VN: So you felt all that was necessary?MB: I really felt it was. Obviously, what I was doing wasn’t working and I went back to what I knew worked earlier in my career. At the end of the day, despite what a bunch of heart monitors and technology tells you, if it’s not right, it’s not right. I was like, let’s try it, it can’t get any worse. It’s been fine ever since.

VN: That’s when you went to Fakta?MB: It was probably a good thing for me to start off again. I went to a smaller team, in smaller races, with smaller ambitions, but it was a really great experience. Everything was more family oriented. I needed to do that to get back that feeling that was there in 1998. I needed to rediscover that.

VN: Was there a point when you thought might have to quit cycling?MB: When I was kicked out of Crédit Agricole, I thought definitely that was it. I had a contract to race for an American team (Mercury) if I wanted to go there, but I decided to hold out to see if I could get back on with a European team. I was talking to Kim (Andersen) and finally managed to scrape up enough money to take me on. That wasn’t until mid-December, so I was already starting to train for the next season without even having a contract. That give me a bit of a wake-up call and at the same time, Kim made the effort to get me and get me onto his team, so I wanted to pay him back with some good results. I got some pretty good results that year (2002) and the 2003 season was a very good one.

VN: You were 21 when you turned pro, what was it like in 2001? You were 26 and facing being unemployed?MB: I wasn’t ready for it. I still felt like I had some thing to prove on the bike. I wanted to prove that the year I had in 1998, when I won a Tour stage, that it wasn’t a fluke. I knew I still had that inside me and I knew it was just a question of finding that again. When I finally got down to rock bottom is when I found my way of doing things. And things have been better ever since. It was more or less a question of time, I could see myself getting stronger. I was getting very sharp line on improving.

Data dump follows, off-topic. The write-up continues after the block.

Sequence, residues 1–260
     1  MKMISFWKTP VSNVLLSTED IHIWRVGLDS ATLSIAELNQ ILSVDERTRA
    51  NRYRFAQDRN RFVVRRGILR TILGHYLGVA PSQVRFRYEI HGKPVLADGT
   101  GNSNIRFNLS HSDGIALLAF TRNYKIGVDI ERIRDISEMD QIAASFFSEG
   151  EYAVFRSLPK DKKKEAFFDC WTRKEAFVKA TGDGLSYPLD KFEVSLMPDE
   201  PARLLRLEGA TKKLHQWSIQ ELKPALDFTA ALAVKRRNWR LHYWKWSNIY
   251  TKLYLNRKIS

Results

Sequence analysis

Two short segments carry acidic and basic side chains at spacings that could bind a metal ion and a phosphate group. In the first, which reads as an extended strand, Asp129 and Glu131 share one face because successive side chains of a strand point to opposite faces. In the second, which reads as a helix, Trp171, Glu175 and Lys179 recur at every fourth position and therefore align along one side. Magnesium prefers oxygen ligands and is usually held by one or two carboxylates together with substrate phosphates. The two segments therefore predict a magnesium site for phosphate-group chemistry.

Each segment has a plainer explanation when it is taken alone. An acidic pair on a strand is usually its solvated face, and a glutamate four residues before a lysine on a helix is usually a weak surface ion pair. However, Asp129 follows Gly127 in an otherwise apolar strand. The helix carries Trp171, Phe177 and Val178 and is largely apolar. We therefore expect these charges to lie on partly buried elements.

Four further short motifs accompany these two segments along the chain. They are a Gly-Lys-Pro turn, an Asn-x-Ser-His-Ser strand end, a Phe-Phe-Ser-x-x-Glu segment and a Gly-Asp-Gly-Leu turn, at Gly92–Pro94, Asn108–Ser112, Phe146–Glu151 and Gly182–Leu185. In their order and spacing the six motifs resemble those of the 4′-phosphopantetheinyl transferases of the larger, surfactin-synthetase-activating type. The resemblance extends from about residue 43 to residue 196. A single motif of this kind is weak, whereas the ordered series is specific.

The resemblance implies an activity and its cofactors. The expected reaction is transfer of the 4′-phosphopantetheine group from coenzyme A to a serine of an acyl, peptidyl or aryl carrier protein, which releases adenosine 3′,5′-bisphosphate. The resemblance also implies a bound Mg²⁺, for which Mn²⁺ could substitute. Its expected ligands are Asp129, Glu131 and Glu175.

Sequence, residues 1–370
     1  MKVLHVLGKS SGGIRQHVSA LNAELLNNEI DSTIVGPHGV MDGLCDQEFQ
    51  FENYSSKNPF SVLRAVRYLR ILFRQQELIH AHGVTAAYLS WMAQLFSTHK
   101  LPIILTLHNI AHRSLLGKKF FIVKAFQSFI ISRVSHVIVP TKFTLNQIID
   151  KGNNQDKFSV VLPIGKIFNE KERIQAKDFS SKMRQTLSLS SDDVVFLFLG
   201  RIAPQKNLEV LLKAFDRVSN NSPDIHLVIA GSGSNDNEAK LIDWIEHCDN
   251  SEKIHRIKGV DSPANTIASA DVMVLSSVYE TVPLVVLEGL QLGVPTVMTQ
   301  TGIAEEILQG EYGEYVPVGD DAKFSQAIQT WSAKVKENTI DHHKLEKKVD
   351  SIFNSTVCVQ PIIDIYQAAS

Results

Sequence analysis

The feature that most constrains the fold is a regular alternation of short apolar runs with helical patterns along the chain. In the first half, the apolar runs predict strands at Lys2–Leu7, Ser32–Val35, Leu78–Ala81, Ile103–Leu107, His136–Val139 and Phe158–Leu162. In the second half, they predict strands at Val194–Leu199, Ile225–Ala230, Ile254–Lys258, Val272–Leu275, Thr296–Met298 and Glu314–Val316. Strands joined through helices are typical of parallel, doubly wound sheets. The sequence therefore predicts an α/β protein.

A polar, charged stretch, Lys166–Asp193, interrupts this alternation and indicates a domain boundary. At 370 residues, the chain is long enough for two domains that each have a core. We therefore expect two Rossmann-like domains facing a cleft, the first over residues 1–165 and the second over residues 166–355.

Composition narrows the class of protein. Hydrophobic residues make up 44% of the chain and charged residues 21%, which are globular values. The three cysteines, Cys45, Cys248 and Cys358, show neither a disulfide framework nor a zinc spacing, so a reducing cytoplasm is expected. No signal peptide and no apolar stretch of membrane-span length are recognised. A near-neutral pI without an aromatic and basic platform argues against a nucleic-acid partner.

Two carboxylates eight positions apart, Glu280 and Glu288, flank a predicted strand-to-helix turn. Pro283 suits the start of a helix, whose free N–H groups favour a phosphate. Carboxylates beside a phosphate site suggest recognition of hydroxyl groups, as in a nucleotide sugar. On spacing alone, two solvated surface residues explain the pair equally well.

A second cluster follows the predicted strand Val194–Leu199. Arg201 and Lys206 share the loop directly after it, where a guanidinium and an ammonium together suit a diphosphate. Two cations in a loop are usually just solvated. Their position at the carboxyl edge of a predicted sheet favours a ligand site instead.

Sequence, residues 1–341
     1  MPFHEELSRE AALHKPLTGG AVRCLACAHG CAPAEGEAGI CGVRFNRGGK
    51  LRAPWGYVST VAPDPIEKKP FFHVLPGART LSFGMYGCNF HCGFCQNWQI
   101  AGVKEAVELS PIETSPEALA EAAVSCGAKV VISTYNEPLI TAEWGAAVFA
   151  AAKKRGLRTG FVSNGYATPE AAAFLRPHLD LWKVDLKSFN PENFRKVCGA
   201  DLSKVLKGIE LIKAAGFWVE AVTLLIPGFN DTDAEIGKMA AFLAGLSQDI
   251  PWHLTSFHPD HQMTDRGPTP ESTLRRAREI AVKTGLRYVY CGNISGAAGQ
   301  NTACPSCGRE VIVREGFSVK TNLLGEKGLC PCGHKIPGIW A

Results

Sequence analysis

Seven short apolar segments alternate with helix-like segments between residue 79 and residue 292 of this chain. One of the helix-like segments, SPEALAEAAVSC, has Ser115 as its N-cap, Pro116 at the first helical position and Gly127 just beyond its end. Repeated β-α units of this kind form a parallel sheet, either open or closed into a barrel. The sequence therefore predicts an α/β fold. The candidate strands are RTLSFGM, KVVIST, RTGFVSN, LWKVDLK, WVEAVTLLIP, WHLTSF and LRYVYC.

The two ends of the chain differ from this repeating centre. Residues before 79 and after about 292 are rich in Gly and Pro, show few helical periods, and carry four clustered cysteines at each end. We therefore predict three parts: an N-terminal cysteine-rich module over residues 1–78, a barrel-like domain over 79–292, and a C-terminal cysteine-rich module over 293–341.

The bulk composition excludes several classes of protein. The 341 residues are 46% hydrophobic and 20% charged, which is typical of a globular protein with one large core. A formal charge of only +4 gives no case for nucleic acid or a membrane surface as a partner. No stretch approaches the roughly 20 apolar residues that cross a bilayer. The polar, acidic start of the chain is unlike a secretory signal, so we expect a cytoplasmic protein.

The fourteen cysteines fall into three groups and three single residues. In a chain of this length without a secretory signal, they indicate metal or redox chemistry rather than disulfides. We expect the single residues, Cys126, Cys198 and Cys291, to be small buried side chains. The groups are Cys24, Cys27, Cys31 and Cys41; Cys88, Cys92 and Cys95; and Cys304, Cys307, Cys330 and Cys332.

VN: Was it perhaps a little too easy, too fast to get that Tour win?MB: It’s never easy to get to that level. I reached that level by doing good training, doing a lot of racing and learning a lot from my teammates. When I look back at 1998, I was strong from the beginning of the year right through the entire season. It wasn’t like I came out of nowhere to win a Tour stage, though it might seem that way to some people. It wasn’t like it was a fluke and everything went my way that day and I got lucky. I knew it wasn’t luck. I knew I had done the work and had the experience. Since the injuries, it was a question of just finding that again.

VN: Sometimes it’s a question of finding the right team, the right equipment …MB: It’s everything. It’s like a big jigsaw puzzle. Even when you think you have it all sussed out, there’s always a new piece coming out and you have to figure that out. I feel with this team, a new door’s been opened for me and now I have to make it fit into the jigsaw.

VN: Talk more about your experiences at Fakta.MB: It was back to basics, back to enjoying riding my bike. Kim brings the best out of the best of every single rider after they’ve had a bad spot. He’s done that with me and lot of other riders. He’s had a very good roster of riders that he’s been able to bring back up.

VN: He lost the sponsor and it fell apart?MB: It wasn’t working out for the sponsor end of things. It happens. Business is business and it’s hard to find someone who’s willing to spend $5 million a year to sponsor a bike racing team. I did a good Giro in 2003 (winning the InterGiro jersey) and the market opened up for me again. Why not go to Alessio? I knew a few of the riders and I knew they had a classics program, because that’s really the type of racing I like. They had Tafi, Baldato – it turned out to be a very good decision.


This conversation continues on Friday when Bäckstedt recounts the day he scored the biggest win of his career.